On My Bookshelf: Everything Belongs

Everything-BelongsI’m trying to decide if I should recommend an older book, Richard Rohr’s 1999 effort Everything Belongs: The Gift of Contemplative Prayer.

On one hand, I got the idea I was reading the transcript of one of his many recordings. On the other, I think he has a bead on the challenges of Christianity in the 21st century.

I know this book was well-received when it came out, and it has an interesting resonance given the phenomenon of retrenched conservative Catholicism of the last decade and Pope Francis in this one. The one aspect that frustrated me is the writing style. I could hear his voice narrating as I read. But I found the chapters too long without good places to pause. Maybe I’ve been reading too many Jesuits and not enough Franciscans.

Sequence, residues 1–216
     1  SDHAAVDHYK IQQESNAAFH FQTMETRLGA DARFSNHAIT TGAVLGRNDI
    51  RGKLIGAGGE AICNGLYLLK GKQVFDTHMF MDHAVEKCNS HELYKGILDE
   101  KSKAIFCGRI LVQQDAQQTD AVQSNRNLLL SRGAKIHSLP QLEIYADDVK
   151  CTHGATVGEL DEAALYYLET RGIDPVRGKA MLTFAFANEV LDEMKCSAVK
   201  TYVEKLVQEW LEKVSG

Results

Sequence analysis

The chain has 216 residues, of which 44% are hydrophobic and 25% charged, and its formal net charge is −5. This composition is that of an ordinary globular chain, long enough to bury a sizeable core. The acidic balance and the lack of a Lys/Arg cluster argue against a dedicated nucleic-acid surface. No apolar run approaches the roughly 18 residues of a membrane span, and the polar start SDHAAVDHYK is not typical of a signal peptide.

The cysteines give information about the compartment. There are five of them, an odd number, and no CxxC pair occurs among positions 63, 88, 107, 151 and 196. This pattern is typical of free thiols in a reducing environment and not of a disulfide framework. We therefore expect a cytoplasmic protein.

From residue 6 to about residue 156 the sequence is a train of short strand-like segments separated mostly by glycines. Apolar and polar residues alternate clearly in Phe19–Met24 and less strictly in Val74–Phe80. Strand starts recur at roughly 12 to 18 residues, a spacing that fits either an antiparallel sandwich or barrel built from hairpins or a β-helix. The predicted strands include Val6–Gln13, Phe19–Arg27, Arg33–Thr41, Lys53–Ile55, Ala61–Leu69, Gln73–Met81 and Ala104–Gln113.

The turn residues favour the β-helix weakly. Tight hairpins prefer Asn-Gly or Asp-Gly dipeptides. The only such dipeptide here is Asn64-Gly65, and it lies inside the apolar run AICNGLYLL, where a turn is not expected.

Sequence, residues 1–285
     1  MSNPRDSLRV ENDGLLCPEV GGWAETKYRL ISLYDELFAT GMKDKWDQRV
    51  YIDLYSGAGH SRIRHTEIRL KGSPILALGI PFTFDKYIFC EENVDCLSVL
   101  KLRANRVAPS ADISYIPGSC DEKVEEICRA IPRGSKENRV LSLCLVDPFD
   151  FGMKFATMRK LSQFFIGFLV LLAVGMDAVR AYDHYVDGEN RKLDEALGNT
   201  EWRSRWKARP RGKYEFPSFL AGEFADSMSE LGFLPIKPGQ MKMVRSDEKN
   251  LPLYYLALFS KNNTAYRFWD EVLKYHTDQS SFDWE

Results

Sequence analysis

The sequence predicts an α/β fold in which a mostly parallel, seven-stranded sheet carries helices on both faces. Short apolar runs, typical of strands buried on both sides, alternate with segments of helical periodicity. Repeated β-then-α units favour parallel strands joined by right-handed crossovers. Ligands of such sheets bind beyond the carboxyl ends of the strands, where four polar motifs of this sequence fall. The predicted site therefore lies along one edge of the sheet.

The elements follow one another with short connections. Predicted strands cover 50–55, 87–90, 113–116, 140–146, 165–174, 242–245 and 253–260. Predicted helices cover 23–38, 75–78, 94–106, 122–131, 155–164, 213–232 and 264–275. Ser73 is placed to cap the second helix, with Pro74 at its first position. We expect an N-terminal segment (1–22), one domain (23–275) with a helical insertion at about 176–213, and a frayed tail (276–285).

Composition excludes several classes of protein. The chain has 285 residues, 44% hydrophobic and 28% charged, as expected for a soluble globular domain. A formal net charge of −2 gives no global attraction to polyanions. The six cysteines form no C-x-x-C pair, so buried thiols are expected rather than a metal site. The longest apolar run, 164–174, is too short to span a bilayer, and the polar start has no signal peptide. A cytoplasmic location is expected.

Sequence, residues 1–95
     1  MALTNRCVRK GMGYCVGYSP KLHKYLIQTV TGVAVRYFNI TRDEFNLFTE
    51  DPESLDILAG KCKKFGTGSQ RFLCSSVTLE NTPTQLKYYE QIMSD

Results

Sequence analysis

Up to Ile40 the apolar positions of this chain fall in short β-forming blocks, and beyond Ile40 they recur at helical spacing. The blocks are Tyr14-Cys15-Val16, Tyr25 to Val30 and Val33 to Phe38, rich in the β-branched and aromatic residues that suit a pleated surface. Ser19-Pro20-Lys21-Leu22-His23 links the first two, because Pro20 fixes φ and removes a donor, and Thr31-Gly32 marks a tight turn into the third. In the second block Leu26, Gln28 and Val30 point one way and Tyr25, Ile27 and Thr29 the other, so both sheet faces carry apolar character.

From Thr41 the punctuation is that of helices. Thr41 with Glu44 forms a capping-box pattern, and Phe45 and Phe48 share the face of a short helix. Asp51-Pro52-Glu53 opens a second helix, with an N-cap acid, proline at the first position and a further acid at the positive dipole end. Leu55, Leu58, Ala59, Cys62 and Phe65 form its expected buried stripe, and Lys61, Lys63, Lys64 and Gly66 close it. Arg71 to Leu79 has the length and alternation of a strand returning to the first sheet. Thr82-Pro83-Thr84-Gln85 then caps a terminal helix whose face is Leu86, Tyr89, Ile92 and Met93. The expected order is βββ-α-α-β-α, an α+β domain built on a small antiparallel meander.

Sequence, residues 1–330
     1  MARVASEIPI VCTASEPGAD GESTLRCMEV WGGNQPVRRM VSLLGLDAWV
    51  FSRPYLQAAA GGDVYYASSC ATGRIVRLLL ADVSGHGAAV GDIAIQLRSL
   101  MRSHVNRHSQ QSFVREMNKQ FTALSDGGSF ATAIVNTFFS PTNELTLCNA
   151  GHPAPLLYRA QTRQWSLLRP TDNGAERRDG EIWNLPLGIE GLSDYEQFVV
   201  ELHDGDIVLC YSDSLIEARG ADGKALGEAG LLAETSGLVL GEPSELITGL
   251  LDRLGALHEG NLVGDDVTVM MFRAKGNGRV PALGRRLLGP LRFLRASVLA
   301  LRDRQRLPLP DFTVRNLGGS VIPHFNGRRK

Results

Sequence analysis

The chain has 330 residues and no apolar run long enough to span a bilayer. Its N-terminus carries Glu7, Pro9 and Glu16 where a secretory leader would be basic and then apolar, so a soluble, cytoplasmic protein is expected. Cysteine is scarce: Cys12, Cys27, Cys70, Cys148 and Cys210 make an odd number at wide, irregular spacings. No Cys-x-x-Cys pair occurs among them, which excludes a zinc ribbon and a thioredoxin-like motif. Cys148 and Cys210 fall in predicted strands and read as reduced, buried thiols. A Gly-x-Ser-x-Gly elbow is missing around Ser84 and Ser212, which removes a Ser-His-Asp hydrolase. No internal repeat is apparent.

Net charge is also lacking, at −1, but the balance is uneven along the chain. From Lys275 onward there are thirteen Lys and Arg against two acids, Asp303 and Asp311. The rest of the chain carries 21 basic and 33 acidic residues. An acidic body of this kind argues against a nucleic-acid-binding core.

On the plus side, Fr Rohr draws upon a very wide variety of sources, including literature and non-Christian religions to buttress his insights. The image above isn’t the book I read–I wonder how the updated/revised edition reads.

If I could sum up the author’s criticism of people who struggle with belief and prayer is that they try too hard to be good. Or they try in the wrong ways. Elder sibling types are skewered. One good quote: “God can most easily be lost by being thought found.”

I think I’ll recommend it if you haven’t read it. It’s interesting to go back and read spirituality books from twenty, thirty years ago. I have another by my bed I’ll tell you about later this week.

About catholicsensibility

Todd lives in the Pacific Northwest, serving a Catholic parish as a lay minister.
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